Certainly information about this squirrel's activities could have been delivered in a series of short sentences, but only the periodic sentence conveys "the continuous rhythmic procession of phenomena" that Auerbach attributes to Homer (6) and that gives Thoreau and his readers the opportunity to participate in the procession.
Even more often Thoreau employs the surface-presenting style on the horizontal plain to create a fluid sequence of interconnected action, as in this periodic sentence, the third of eight in a row that carry us along Tuesday afternoon on the Merrimack River:
Thus we held on, sailing or dipping our way along with the paddle up this broad river,--smooth and placid, flowing over concealed rocks, where we could see the pickerel lying low in the transparent water,--eager to double some distant cape, to make some great bend as in the life of man, and see what new perspective would open; looking far into a new country, broad and serene, the cottages of settlers seen afar for the first time, yet with the moss of century on their roofs, and the third or fourth generation in their shadow. (232)
The sentence structure here makes a kaleidoscope of the prospects of the pickerel and those of the Thoreau brothers, of the present journey and shadowy generations, of the far and the near. Thus Thoreau continues in the tradition of Homer, surfacing and scaffolding life in its phenomenal richness. His artful closure causes us to pause and contemplate this richness.
Thoreau's fondness for periodic structures and the world-view they undergird may also have been nurtured by John Milton, a sustainer of the Homeric epic tradition and, according to Williamson, a keen defender of the Ciceronian periodic style (209-11). While certainly at odds with Milton's theology, Thoreau seems to have been especially drawn to his powerful poetic vision that encompassed all periods of phenomenal existence in his Paradise Lost. The pivotal "Thursday" chapter of A Week shows the influence of this epic vision after recounting an episode from late seventeenth-century frontier history in which Hannah Dustan, who "had seen her infant's brains dashed out against an apple-tree" by a band of Indians, escapes their captivity by scalping them in their sleep (321-22). "The family of Hannah Dustan," concludes Thoreau, " all assembled alive once more, except the infant whose brains were dashed out against the apple-tree, and there have been many who in later times have lived to say that they have eaten of the fruit of that apple-tree" (323-24). In case we missed the linking of bloody frontier history with Milton's account of the Fall, Thoreau begins the next paragraph thus: "All this seems a long while ago, and yet it happened since Milton wrote his Paradise Lost" (324). Thoreau then claims that all periods of history and many cultures may be collapsed into one periodic sentence:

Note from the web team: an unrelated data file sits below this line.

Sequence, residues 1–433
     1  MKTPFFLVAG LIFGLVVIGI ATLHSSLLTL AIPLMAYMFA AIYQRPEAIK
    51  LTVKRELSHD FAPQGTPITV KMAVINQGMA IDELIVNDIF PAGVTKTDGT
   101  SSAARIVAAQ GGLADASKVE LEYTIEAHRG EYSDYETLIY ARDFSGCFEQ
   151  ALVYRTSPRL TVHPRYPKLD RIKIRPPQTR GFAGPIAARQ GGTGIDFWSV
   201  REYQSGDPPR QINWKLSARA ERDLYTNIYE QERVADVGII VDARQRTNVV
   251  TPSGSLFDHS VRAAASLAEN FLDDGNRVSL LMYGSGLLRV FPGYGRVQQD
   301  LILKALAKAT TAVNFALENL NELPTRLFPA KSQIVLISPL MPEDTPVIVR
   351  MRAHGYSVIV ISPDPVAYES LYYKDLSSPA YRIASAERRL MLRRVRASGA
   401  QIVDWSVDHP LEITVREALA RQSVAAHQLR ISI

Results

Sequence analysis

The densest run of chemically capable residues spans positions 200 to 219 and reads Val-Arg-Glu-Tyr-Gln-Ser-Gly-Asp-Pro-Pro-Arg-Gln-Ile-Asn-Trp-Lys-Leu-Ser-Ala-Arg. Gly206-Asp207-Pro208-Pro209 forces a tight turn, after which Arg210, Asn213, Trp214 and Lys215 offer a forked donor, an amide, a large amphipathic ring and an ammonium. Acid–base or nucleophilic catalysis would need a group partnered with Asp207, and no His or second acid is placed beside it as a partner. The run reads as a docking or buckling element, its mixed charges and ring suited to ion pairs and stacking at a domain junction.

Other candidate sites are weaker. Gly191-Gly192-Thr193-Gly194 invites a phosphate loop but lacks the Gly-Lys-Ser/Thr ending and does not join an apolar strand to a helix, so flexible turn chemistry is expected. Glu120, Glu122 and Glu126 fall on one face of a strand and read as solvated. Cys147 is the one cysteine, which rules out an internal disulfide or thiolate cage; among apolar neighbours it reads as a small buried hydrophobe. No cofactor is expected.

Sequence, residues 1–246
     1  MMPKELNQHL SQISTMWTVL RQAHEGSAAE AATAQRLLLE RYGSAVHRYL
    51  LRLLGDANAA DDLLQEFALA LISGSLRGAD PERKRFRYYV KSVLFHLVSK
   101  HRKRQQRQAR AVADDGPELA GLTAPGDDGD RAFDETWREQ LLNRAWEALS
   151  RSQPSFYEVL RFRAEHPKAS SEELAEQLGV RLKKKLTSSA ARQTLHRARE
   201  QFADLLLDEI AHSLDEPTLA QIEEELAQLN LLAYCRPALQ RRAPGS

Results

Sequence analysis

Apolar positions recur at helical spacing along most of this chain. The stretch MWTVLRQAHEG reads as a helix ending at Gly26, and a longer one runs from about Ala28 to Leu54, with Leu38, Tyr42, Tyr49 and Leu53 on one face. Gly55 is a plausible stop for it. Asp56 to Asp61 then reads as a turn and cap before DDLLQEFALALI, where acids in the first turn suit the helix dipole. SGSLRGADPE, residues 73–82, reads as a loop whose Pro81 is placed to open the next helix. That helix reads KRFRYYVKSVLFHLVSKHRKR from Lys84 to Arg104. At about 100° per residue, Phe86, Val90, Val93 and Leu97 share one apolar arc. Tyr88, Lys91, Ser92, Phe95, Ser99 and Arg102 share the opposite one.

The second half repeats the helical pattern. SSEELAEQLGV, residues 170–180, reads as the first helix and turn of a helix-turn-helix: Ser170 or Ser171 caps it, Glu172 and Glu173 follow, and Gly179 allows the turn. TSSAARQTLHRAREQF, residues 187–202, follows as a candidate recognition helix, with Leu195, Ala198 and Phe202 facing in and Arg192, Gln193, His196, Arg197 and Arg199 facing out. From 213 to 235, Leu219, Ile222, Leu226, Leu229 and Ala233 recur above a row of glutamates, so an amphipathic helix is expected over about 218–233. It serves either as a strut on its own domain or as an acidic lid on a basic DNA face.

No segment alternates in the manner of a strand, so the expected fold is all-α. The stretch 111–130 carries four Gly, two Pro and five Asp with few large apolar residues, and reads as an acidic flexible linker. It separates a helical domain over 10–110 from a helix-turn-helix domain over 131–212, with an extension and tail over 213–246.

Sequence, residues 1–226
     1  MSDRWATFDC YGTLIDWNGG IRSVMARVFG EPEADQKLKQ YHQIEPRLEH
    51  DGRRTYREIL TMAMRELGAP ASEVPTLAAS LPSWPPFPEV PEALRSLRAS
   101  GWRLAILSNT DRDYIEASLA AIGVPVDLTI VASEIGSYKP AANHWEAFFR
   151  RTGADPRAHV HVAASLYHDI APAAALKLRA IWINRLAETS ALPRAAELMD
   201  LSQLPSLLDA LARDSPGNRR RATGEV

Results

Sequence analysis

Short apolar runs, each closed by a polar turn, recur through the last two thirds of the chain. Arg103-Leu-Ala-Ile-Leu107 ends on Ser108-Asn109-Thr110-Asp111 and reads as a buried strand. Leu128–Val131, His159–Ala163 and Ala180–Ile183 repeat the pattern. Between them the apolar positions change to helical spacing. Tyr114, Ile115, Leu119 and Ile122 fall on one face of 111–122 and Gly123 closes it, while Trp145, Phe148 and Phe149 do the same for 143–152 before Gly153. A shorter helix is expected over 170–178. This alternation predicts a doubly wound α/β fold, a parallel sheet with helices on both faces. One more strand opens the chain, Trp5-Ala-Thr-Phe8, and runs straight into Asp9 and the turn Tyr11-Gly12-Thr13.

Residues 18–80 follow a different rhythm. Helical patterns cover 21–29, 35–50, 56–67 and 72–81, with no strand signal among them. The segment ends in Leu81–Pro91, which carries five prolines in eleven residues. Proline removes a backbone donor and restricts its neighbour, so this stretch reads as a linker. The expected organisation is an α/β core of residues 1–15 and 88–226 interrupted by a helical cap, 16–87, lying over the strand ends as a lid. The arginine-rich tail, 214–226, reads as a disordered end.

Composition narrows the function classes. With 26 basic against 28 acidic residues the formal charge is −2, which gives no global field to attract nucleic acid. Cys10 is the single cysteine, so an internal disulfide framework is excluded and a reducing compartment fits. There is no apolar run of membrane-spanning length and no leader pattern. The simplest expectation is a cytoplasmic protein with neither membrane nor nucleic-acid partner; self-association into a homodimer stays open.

From Adam and Eve at one leap sheer down to the deluge, and then through the ancient monarchies, through Babylon and Thebes, Brahma and Abraham, to Greece and the Argonauts; whence we may start again with Orpheus and the Trojan war, the Pyramids and the Olympic games, and Homer and Athens for our stages; and after a breathing space at the building of Rome, continuing our journey down through Odin and Christ to--America. (325)
Elsewhere in his writing Thoreau is eager to divorce himself and America from the burden of a mythic past that includes a lost paradise. Here, however, he is ready to marry America's bloody history with the original fall into experience and all the subsequent stages on the human journey, and uses a periodic sentence to present this journey.
One reason Thoreau does this in A Week is to deepen this account of the 1839 summer-to-fall journey he took with his brother on the Concord and Merrimack rivers into an elegy for his brother John, whose death constituted Thoreau's own fall into sorrow. His subsequent writing manifests his attempt to overcome this sorrow while still embracing his brother and their journey together. The last paragraph-length sentence of this book, a beautifully crafted periodic, testifies to this effort:
We had made about fifty miles this day with sail and oar, and now, far in the evening, our boat was grating against the bulrushes of its native port, and its keel recognized the Concord mud, where some semblance of its outline was still preserved in the flattening flags which had scarce yet erected themselves since our departure; and we leaped gladly on the shore, drawing it up, and fastening it to the wild apple-tree, whose stem still bore the mark which its chain had worn in the chafing of the spring freshets. (393)
Like the Concord mud, this sentence preserves a memorable event and invites a return. The reader now realizes why Thoreau emphasized the wild apple tree in the Dustan story; by repeating this image, after they leap on shore to accept their fate, he ties his and his brother's boat to the myth of paradise lost. The wild apple-tree itself bears witness to the scars that inevitably come with the flood of life. What but a periodic sentence could tie all this experience together into such a memorable close?